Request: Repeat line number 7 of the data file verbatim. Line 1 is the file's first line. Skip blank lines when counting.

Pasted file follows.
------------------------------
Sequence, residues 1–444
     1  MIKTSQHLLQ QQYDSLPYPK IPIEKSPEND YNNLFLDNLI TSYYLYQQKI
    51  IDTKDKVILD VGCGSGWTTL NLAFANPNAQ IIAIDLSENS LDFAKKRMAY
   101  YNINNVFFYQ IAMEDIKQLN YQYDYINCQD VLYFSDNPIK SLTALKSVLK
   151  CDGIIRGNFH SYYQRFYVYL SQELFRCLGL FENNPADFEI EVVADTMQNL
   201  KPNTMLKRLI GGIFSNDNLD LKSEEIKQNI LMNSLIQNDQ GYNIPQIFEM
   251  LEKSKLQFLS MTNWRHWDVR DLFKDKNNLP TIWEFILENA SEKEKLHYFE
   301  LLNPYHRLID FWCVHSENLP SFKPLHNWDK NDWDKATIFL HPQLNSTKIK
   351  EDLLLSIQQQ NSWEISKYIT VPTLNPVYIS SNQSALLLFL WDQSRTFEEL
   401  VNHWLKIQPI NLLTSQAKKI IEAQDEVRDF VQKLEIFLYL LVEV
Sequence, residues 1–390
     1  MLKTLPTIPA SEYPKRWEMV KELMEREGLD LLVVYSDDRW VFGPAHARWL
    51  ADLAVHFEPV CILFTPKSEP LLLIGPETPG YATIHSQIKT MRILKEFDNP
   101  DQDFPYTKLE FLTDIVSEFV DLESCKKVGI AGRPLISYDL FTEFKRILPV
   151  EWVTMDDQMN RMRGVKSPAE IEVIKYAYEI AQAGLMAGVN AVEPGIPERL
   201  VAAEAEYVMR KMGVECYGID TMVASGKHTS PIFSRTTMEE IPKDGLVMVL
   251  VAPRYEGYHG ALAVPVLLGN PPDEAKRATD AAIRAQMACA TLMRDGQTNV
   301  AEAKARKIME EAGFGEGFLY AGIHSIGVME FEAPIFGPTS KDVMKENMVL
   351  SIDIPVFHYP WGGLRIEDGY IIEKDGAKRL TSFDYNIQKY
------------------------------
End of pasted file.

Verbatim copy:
   251  LEKSKLQFLS MTNWRHWDVR DLFKDKNNLP TIWEFILENA SEKEKLHYFE